Pere Pruna i Ocerans was a very gifted painter, practically self-taught, and a notable case of artistic precocity: at the age of only 13 he took part in an exhibition at the Areñas Galleries in Barcelona, curated by the Catalan critics Jaume Brossa and Josep Maria Junoy. At the age of 17, just before doing his military service, he travelled to Paris, where he was received by Pablo Picasso, with whom he began a long friendship. The master from Malaga was impressed when he saw Pruna’s works and did not hesitate to send them to his dealers, especially André Lebel, director of the Galerie Percier.
During this early Parisian period, Pruna’s work reflects the strong influence that Picasso exerted on him both thematically and stylistically. Notable paintings from this period include Composition with Figures (1921), Woman with a Mantilla (1924) and The Harlequin (1926). The young Pruna connected straight away with the classicism that defined Picasso’s œuvre until 1924. Pruna was the perfect example of the return to classicism and realism in the 1920s and 1930s encouraged by his two great friends, Picasso and Jean Cocteau.
Pruna’s international breakthrough came when Sergei Diaghilev commissioned him to design the sets and costumes for several of his ballets, as he had previously done with Pablo Picasso and Josep Maria Sert. This collaboration had a great impact and Pruna became an artist respected and admired by collectors in Great Britain, Italy and the United States.
In the late 1920s he began to visit Barcelona more often. He consolidated his prestige among the Catalan bourgeoisie and exhibited regularly in the best art galleries in his hometown. Pruna was in Barcelona when the Civil War broke out. After a brief stay in Paris in 1937, he moved to the Francoist zone, which prevented him from returning to the French capital at the end of the war.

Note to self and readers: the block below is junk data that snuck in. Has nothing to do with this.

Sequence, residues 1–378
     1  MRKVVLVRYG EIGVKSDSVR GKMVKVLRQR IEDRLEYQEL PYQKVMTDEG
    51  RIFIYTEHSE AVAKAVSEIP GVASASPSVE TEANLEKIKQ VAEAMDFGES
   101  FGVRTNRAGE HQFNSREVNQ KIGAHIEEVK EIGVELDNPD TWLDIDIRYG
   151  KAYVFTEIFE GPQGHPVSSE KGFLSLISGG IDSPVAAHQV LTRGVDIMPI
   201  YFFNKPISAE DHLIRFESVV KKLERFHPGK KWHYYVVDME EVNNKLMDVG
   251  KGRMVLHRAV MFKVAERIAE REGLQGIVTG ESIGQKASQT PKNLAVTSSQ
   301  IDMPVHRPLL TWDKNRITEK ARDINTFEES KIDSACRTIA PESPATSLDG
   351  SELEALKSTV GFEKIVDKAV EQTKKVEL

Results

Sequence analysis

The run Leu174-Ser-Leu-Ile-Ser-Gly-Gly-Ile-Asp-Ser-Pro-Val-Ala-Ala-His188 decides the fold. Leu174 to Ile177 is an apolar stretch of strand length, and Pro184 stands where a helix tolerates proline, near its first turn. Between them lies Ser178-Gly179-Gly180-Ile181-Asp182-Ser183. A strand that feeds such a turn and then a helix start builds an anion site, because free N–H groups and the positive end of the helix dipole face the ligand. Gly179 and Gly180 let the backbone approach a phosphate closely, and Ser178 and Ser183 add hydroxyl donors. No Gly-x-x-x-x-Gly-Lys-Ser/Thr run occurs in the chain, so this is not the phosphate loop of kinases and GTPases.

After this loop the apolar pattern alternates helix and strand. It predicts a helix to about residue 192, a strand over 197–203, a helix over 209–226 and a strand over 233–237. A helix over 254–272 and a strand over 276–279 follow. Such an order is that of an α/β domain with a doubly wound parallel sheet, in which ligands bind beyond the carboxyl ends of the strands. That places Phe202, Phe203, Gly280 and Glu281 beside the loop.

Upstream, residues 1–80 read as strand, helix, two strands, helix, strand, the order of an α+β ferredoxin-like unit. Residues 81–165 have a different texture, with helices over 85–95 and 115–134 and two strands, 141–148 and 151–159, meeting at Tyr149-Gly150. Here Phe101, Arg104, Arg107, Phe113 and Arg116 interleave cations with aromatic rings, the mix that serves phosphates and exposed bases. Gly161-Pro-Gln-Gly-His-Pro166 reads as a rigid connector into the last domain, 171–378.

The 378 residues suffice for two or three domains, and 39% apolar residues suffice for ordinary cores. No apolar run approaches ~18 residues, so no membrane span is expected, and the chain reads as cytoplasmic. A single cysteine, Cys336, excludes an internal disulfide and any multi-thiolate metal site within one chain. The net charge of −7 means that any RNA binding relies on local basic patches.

Pruna was a very prolific artist, who explored a wide range of techniques, including oil painting, watercolour, pastel, pen and pencil drawings, engraving and sculpture. It is impossible to understand his career without the influence of Pablo Picasso.
This particular work belongs to his Parisian period. Pruna was perfectly familiar with the female physiognomy, which he managed to sublimate throughout his career. In fact, the female figure is the main protagonist of his work, although he also portrayed male characters of the highest economic, social and cultural spheres. Elegance and sensuality are the common denominator of his portraits of women. The three women in this painting – one of whom is nude – may be assumed to be models about to be painted; while the naked woman poses gazing at the horizon, the other two wait their turn on the balcony of a Parisian flat of the period.